Water issue strains political ties

TALKING POLITICS BY GORDON CAMPBELL
Last updated 10:48 19/07/2012

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OPINION: How long a political issue stays in the headlines depends a lot on whether Parliament is in session at the time.

Unfortunately for Prime Minister John Key, the recent parliamentary recess meant that there was no ready escape or diversion available when controversy erupted last week over who holds the ownership rights to the water being used by the very same state energy companies that he is about to put on the auction block.

The issue dominated the news agenda for well over a week, which is an eternity in the normal cycle of political spin.

The kerfuffle was triggered by Key's observation that his government was under no obligation to abide by the Waitangi Tribunal's rulings on water rights.

Probably, this innocent statement of fact was intended to reassure any nervous foreign investors waiting in the wings.

Given the way Key expressed himself, however, the implication was that the partial asset sales would go ahead regardless of what the Waitangi Tribunal thought about it, one way or the other.

The sense of disrespect put the Maori Party on the spot, as an apparent accomplice.

Therefore, Key has since needed to offer a few expressions of humbled respect, while the Maori Party has needed to be seen as the staunch defender of the tribunal's mana - hopefully, without this belated display of sensitivity getting in the way of the business at hand.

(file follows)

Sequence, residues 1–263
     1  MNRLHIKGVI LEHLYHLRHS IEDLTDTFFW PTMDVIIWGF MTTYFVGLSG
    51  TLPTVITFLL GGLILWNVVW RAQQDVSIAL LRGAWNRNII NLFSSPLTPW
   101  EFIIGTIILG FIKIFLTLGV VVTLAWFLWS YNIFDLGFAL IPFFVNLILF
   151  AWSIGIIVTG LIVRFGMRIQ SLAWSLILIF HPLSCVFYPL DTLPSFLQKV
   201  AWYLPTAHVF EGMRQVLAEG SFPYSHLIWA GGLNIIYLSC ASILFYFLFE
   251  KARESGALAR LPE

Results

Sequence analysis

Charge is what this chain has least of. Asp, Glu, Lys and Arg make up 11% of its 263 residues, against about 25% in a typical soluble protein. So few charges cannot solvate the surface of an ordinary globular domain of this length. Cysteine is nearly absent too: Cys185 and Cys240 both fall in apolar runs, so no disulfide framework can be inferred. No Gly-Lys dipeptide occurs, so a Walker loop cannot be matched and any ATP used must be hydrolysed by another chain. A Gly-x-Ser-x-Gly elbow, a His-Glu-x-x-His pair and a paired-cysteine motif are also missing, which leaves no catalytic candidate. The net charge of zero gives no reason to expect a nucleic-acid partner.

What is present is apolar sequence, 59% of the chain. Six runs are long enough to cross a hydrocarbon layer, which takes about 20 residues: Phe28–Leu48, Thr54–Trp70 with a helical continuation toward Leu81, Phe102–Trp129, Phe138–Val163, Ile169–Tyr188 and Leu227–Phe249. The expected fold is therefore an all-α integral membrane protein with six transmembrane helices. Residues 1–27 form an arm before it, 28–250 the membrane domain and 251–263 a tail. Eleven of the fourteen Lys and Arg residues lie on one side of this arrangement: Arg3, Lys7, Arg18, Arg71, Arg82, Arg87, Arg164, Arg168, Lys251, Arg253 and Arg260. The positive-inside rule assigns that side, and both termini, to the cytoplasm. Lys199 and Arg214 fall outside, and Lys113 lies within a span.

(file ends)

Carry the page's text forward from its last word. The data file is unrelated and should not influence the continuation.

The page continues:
National clearly thought it could flannel its way through any of the potential Treaty problems to do with water rights, and that says quite a lot about how captive it regards the Maori Party as being to the coalition, and to whatever National chooses to do.

As an aside, the situation also underlines the tactical mistake Maori Party co-leader Tariana Turia has made in putting all of the Maori Party's eggs into the one Whanau Ora basket.

She now appears to be a captive of John Key, even more visibly than she was to Helen Clark. (Second marriages tend to break down for the same old reasons.)

A break with National still seems inevitable, eventually.

If the proximity to National is proving difficult for Turia to manage now, just wait until her Maori constituents begin to feel the full fallout from asset sales, and from welfare reform.

Ultimately, the water rights issue may yet prove to be the deal breaker, given that any bill for compensation finally advocated by the tribunal would not be a negligible one.

If the new owners of the state energy assets finally do have to pay for the rights to use water, those costs will be recovered from consumers, thus turning an already unpopular policy into political poison.

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Key has different suitors to please.

To prospective investors in the state assets, he has to be able to guarantee that there will be no impediments when it comes to the business of extracting profits.

Simultaneously, he has to convince voters that this is (a) a good deal and that (b) he knows what he's doing.

On both counts, he has some lost ground to make up.

The ownership status of water is crucial to the functioning of these assets - we're talking about hydro power, right?

Really, how hard was it to foresee that this could pose a problem, further down the track?

- The Wellingtonian

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